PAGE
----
Bennett buggies a Prairie hallmark in the ’30s
Although the Bennett buggy is one of the most identifiable symbols of the Great Depression of the 1930s, the concept actually originated in the 1920s. A Bennett buggy is simply a horse-drawn car.
T he name came from Richard Bedford Bennett, who served as Canada’s prime minister from 1930 to 1935, when the country was going through the worst part of the Depression. Although Bennett buggies were found right across Canada, they were most common on the Prairies.
After the prosperity of the 1920s, people who couldn’t afford gas for their vehicles hitched horses or oxen to their cars and called them Bennett buggies to mock the prime minister who had been elected on a promise of bringing an end to the Depression. Bennett was often perceived as unaware and unresponsive to the economic problems facing Canadians.
There were also Anderson carts — derisively named after Saskatchewan premier J.T.M. Anderson, who served from 1929 to 1934. An Anderson cart is essentially a compact Bennett buggy, with just two wheels, created by cutting a Bennett buggy in half. And in the U.S., horse-drawn cars were called Hoover wagons after president Herbert Hoover.
When people could not afford gasoline, they would hitch a horse or two to their front of the car. Often the motor was removed to make a Bennett buggy lighter.
Bennett buggies were not used only as replacements for the family car. Variations could be found in the form of trucks to haul such things as milk or lumber. There was even a Bennett buggy used as a fire truck.
It’s the only vehicle named after a prime minister. After all, there was never a Martinmobile or a Harper hauler.
Although associated with the Dirty Thirties, the first horse-drawn cars were actually built in 1924, right here in Saskatchewan. Even back in the Roaring Twenties, some farmers were interested in converting their worn-out automobile into a horse-drawn buggy.
As the Leader-Post reported on Aug. 13, 1936: “Many in Saskatchewan believe the ‘Bennett Buggy’ came into existence during the Depression about 1931, but at that time that common means of transportation Saskatchewan had been in vogue for seven years. The originator of the ‘Bennett Buggy’ is Andy Goodhope, well-known farmer and mechanic living about 22 miles south of Piatpot on the main line of the C.P.R. west, and the first model came out in 1924.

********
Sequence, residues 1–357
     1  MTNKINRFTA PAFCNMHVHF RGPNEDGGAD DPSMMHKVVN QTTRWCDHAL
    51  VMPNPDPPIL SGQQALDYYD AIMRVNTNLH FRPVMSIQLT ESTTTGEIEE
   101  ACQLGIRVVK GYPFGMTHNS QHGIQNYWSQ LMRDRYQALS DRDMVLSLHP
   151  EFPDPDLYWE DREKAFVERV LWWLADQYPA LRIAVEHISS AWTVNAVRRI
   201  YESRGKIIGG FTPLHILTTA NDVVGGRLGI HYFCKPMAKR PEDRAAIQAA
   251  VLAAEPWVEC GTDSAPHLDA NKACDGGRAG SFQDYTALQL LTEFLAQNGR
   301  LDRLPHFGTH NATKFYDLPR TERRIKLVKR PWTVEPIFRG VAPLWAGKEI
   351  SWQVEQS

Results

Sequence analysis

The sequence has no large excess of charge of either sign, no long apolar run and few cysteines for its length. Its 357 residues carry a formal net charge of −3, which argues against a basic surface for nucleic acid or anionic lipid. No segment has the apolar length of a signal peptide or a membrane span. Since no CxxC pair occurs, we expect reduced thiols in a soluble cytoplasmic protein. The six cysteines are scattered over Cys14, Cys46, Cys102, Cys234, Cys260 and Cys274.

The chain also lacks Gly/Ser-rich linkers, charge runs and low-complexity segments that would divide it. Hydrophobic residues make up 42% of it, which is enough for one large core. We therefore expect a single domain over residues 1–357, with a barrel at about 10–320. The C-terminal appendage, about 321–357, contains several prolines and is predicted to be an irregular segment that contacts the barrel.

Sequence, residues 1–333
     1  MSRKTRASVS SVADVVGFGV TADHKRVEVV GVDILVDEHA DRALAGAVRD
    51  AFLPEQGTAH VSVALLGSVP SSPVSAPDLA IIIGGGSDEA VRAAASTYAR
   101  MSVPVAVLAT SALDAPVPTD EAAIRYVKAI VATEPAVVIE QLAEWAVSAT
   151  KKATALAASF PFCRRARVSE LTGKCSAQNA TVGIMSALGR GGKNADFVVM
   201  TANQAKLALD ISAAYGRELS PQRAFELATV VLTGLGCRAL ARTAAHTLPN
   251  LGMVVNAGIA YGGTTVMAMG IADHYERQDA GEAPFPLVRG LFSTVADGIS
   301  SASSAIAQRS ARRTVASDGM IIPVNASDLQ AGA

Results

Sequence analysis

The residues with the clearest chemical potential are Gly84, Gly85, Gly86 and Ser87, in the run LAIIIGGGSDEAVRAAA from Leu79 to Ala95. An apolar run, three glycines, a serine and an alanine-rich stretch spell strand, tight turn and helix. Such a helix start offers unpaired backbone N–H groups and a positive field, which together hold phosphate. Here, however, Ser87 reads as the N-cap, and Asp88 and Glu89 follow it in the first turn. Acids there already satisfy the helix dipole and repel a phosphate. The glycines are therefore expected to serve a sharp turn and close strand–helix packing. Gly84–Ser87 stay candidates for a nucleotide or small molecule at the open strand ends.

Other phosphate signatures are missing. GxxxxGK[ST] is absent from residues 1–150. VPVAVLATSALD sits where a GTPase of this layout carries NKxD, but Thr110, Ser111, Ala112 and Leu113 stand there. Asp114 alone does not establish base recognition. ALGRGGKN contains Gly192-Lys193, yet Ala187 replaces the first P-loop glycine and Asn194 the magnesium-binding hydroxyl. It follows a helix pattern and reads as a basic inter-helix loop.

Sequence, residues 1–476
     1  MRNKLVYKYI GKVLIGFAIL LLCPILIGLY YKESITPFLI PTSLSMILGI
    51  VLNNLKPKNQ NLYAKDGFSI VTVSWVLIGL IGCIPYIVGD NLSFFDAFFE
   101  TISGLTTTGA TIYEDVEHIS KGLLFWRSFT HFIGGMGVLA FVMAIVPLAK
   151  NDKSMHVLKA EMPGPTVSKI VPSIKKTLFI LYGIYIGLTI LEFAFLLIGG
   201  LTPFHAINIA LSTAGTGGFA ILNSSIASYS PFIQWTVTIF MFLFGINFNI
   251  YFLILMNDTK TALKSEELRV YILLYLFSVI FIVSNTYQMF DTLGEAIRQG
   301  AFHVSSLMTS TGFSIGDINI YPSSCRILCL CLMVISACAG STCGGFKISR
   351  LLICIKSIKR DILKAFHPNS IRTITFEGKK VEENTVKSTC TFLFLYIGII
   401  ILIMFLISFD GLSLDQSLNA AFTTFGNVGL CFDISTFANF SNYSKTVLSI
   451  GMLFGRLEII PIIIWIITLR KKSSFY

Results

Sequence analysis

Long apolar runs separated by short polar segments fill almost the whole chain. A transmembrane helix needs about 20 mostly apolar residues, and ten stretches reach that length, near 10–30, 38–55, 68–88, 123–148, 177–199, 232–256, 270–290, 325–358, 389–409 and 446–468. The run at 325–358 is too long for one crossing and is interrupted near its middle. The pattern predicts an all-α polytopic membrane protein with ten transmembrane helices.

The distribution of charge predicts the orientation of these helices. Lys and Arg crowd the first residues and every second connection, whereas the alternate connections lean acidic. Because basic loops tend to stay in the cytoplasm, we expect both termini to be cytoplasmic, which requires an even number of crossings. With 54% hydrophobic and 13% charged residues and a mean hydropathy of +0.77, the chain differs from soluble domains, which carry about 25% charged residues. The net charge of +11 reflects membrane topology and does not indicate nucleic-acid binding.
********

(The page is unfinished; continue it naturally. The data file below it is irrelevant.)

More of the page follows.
"Since that time Mr. Goodhope has built 124 of the buggies and is always ready to turn the chassis of any outworn car into something useful when given a contract so to do. Mr. Goodhope was forced, through circumstances and climatic condition around the Cypress Hills, to seek means of making money for his family, other than wheat raising and livestock producing. He rigged up a machine shop on his farmstead, and started making buggies. Soon his neighbours were buying them, others imitating him, but he kept right on making the buggies, and the vehicles became popular.”
The article goes on to say that the innovative Goodhope built, for himself, a Bennett buggy with a single bed fitted in the rear — sort of a Bennett buggy RV.
Behind his Bennett buggy sleeper, the creative Goodhope also hauled a trailer that included a sawmill, powered by an engine from a 1914 automobile and connected to a pulley, shaft and circular saw. Although gasoline was used to power the motor used for this travelling sawmill, Goodhope’s Bennett buggy and trailer were pulled by oxen. He would go from town to town and cut wood in order to earn money.
The Leader-Post also said: “Mr. Goodhope is one of those men who have consistently refused public assistance, though he could easily have obtained it. He says he can produce his own living as well as that of his family, and does not believe in the ‘doling out’ system. He avers it makes people lazy, thriftless and makes them lose the initiative to build themselves a home in a country where even crop failures need not put everybody on relief.”
So the next time you hear someone talking about the Bennett buggies of the 1930s, you can mention that the concept actually started in 1924, thanks to Andy Goodhope of the Piapot region.